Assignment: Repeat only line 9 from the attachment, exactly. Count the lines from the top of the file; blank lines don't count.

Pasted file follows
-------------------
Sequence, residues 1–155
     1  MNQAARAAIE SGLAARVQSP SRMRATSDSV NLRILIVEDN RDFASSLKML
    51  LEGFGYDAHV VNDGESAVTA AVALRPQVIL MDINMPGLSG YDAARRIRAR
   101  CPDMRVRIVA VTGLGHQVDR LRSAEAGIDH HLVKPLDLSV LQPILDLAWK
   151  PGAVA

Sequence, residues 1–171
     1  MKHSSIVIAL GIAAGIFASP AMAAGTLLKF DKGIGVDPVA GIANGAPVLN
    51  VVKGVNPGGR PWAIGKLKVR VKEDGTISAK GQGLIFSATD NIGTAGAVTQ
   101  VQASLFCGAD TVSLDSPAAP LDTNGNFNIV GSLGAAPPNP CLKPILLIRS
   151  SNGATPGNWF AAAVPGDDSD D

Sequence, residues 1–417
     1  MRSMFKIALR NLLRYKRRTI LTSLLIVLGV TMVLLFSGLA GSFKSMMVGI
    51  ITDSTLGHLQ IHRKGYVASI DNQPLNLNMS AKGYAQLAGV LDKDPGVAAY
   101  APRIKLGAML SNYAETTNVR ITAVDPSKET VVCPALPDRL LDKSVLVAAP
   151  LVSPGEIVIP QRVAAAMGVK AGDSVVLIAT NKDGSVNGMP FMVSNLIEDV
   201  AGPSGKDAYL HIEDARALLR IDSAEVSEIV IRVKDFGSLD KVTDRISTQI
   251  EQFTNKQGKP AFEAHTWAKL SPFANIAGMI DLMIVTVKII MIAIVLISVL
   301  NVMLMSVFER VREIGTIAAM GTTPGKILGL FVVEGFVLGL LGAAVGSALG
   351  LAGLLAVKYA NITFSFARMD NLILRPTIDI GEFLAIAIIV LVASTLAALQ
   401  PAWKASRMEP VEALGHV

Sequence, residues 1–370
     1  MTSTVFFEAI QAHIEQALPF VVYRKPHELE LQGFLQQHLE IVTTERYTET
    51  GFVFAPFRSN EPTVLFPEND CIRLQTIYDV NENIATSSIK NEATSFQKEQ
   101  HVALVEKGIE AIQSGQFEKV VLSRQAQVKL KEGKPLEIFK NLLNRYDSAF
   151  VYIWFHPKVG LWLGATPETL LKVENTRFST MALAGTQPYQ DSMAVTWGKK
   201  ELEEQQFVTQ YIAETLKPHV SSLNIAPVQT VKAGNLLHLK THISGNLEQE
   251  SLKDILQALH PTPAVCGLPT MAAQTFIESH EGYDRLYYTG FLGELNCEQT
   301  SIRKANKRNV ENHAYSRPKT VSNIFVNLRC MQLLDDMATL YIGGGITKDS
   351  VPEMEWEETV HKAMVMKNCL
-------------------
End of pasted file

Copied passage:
   101  VQASLFCGAD TVSLDSPAAP LDTNGNFNIV GSLGAAPPNP CLKPILLIRS